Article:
Today we are going to do something a little different. Rather than a medieval city, we are going to visit Lake Garda, the largest of the Italian lakes and perhaps an hour and a half north of our villa in Concamarise. I had to talk Boris into it as he wasn’t very excited about the possibilities; he hadn’t been there before. However, that was the idea; at times, Boris needs a little encouragement to spread his wings.
We had to navigate the traffic around Verona which is really tricky, but didn’t have heavy traffic until we got near the lake where cars were bumper to bumper. We reached the shoreline at Lazise, drove through a few villages including Bardolino, and stopped in the town of Garda with an ample public parking lot (pay), at least if you arrive in the morning.
We had heard from Guido’s cousin that you could drive around the lake near the shore in about 3 hours on a weekday in the summer. Apparently, we were experiencing weekend traffic on a weekday morning. We thought it more prudent to get out and look around. At least with Lake Garda you are driving relatively close to the water and can see the lake most of the time. When we stayed at Lake Como and drove around the lake there, most of the water view was obstructed. You also drove on some of the narrowest roads I have ever been on with buildings that ended inches (yes inches) from the road.
Garda was exceptionally busy on this day as there was a market in town. When we came around the ridge it looked like there were a hundred campers parked along the waterfront. However, it was just white vans and tents set up with their goodies. I would have liked to look around, the market definitely had items that were of better quality than we saw in Ceara, but I had talked Boris into a boat ride and we wanted to get started.
We didn’t see an option for just a lake tour. As an alternative, we chose a city on the ferry route and made our way to Sirmione on the southern end of the lake. Lake Garda is wide at the southern end and then becomes long and narrow north of Garda. Our route gave us a view of the eastern side of the wide section of the lake. Essentially, we had reversed our driving route so we had the water perspective of the cities we had driven through.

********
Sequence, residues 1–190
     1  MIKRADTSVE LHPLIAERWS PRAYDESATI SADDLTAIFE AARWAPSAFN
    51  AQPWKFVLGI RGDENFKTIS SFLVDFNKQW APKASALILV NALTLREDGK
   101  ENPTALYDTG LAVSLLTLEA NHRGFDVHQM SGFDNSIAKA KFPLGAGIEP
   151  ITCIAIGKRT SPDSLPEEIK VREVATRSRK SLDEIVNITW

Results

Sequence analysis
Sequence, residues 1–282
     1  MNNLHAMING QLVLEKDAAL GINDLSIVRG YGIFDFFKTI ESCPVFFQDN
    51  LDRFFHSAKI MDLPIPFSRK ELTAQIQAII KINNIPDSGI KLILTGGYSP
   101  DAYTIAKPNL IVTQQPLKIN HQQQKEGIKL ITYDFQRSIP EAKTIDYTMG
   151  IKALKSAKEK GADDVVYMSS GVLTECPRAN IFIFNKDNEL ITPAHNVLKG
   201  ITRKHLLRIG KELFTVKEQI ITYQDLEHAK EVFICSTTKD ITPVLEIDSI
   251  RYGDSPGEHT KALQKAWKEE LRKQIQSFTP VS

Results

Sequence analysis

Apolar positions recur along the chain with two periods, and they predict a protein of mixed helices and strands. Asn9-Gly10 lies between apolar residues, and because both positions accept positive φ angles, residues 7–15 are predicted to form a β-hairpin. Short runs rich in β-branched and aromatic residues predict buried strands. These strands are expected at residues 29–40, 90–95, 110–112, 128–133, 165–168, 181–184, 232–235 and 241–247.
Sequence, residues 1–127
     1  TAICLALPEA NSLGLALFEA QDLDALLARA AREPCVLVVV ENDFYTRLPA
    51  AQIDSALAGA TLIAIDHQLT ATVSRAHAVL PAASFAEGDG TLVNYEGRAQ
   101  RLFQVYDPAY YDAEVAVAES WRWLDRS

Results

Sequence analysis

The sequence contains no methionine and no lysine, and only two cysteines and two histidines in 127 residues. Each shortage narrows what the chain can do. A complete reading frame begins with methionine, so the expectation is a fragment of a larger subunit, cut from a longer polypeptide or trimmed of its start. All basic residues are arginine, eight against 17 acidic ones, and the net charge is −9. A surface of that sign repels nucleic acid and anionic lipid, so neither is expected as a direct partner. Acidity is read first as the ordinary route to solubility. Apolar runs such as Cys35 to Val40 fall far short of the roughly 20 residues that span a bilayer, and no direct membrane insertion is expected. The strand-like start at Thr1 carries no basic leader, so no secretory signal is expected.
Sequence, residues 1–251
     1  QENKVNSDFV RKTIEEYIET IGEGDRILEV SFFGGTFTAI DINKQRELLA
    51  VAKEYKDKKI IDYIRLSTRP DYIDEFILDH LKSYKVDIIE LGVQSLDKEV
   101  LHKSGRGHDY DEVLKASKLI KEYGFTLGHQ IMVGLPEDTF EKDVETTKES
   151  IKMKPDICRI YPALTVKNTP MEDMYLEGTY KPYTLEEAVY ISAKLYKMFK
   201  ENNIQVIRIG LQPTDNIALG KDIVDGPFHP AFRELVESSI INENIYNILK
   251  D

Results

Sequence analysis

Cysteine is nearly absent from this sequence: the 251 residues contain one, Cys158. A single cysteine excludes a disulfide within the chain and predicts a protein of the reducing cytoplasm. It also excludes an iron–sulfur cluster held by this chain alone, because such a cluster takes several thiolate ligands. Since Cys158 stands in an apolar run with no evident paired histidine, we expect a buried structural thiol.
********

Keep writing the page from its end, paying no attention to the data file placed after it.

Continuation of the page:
Our first stop was Bardolino. On the pier waiting for the ferry, we had met a friendly Scottish couple who were staying in Bardolino. They have come to Lake Garda annually for the last 23 years and were staying for two weeks on this visit. They said it is a short flat 3-mile walk between Garda and Bardolino. They have a favorite coffee shop in Garda so they walked down. Since it was really hot, they were taking the ferry back.
The wonderful thing about the ferry is that you get the best view-the water approach-to these charming cities. This is clearly the way you are meant to arrive in these communities. From the ferry, we caught a glimpse of the Church of San Severo in Bardolino. The church is of old Romanesque construction from the 11th century. Earlier in the morning when we drove through Bardolino, we saw the other significant site in this city, the Church of Santa Maria. Santa Maria was built around 915 on the site of a pagan temple. The church’s beautiful stone is what had caught my eye as we drove through the city earlier in the day.